Body and Other Four Letter Words
Due to a variety of circumstances over the last few weeks, this subject continues to be in my thoughts. It is so disturbing to me how it is permissible in our society to treat others so differently based on something so arbitrary as height and weight. Why is this acceptable? I am so sick and tired of people not realizing that there are many complicated factors that play into eating disorders such as anorexia, bulimia, and obesity. There isn’t a quick fix. Food can be an addiction just as powerful as drugs, sex, alcohol, or gambling. Bullying just makes things infinitely worse.
I’ve discussed it before, but I was relentlessly bullied about my weight and height early in elementary school – grades K-3 – particularly in gym class and at recess. At age 5, classmates commented daily on how short, fat, and ugly I was. The funny thing is that while I may have been a stocky child, I was not fat at the time. At some point, I started to believe them. How was I ever supposed to feel good about my body?
Later in elementary school, I learned that I would never have children naturally. I refuse to say children of my own. When I do adopt, my child (or children) will most certainly be mine. At age 10, it devastated me. To make matters worse, one boy in my class found out about my diagnosis of Turner Syndrome and what it meant. He proceeded to call me a deeply disturbing name as a result, making it clear to me that he knew what I perceived at the time to be private.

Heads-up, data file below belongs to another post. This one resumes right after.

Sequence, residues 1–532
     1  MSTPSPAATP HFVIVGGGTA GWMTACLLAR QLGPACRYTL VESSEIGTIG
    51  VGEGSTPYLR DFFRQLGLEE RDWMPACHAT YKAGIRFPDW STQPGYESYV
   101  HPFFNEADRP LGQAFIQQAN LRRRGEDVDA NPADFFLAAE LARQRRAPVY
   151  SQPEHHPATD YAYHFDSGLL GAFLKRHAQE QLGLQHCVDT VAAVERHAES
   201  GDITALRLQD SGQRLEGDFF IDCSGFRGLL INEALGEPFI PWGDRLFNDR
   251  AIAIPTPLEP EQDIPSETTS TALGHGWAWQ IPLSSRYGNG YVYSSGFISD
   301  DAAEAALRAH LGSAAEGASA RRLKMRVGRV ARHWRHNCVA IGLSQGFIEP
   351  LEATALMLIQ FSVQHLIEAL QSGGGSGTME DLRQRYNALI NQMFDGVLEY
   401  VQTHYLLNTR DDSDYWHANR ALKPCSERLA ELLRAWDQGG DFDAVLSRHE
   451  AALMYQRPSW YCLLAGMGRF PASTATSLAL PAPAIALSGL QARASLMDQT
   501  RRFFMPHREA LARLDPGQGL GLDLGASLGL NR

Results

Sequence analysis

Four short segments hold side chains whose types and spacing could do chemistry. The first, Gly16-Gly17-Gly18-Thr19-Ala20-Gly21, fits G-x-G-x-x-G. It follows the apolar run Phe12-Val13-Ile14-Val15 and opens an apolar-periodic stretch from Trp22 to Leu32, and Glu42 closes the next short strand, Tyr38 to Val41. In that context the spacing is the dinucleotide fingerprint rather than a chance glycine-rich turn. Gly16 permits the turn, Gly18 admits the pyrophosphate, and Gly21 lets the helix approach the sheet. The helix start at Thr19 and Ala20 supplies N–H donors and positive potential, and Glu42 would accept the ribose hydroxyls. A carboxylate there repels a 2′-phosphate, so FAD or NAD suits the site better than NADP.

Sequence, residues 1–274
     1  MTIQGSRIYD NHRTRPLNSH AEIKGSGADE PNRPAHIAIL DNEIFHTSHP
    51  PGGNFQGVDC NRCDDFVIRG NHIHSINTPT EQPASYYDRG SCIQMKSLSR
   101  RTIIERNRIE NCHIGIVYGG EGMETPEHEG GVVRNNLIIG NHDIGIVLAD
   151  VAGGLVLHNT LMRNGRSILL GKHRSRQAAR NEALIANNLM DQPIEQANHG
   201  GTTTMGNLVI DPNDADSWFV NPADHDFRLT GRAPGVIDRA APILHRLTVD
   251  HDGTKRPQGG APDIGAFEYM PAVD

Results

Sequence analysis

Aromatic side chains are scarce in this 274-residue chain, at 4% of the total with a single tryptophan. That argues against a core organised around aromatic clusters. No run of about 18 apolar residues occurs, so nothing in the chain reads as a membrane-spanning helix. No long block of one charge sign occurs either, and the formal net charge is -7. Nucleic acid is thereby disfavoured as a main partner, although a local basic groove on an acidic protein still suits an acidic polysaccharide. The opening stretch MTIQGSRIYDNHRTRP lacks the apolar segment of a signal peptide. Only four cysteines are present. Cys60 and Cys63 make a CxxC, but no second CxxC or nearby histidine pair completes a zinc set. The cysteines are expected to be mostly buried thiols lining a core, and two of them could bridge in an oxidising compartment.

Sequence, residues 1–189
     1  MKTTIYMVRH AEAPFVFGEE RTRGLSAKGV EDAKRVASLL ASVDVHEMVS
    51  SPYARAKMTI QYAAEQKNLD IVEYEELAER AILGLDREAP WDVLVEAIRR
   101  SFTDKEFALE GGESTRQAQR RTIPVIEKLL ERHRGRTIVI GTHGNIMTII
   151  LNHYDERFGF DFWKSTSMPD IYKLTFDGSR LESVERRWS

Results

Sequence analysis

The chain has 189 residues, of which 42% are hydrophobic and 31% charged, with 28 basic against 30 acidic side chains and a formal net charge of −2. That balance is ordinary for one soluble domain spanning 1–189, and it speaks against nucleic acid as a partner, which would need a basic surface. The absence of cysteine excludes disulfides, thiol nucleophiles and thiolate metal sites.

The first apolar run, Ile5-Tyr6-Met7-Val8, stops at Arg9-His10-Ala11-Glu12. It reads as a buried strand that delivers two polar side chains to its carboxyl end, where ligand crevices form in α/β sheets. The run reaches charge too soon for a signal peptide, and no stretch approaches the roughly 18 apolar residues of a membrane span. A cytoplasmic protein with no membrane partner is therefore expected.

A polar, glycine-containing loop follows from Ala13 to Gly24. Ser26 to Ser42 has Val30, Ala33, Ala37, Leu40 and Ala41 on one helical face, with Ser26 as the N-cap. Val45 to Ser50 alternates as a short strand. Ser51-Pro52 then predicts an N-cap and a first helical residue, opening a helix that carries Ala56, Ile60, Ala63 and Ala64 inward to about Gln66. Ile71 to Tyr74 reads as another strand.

It changed me. I vividly remember balling as soon as I came home, refusing for a time to even tell my parents what had happened it upset me so badly. Today, looking back at what he called me, it is almost funny – at least from an adult perspective. After that incident, I owned the fact that I had Turner Syndrome. While I didn’t go around telling everyone, I did explain when asked what it meant. I didn’t hide from it anymore, even though I had only recently learned of the diagnosis myself. Unfortunately, it reinforced the shame I felt towards my body.
As an adult, I find it difficult to deal with my body image issues while dealing with the emotions that come with infertility as well. I can’t deny it: I don’t know when I will ever be at peace with my body when, in my mind, it has fundamentally failed me in what should be a basic function. Somehow, I will have to come to terms with it. I just don’t know how.
In the meantime, I am done. I am done trying to please anyone other than myself. I continue to refuse to play the games society demands of women young and old. There are way too many young girls today who feel as if they are not enough, that their worth is determined by their weight (and/or height). That is why I am sharing something so deeply personal. I want anyone struggling with body image to know that he or she is not alone. Weight and diet are not as simple as we make them out to be.
It breaks my heart to see my Facebook feed full of beautiful women struggling with body image and eating disorders and mothers at a loss on how to help their child rebuild self-esteem through bullying. I see it daily. Frankly, this topic scares me the most about parenthood.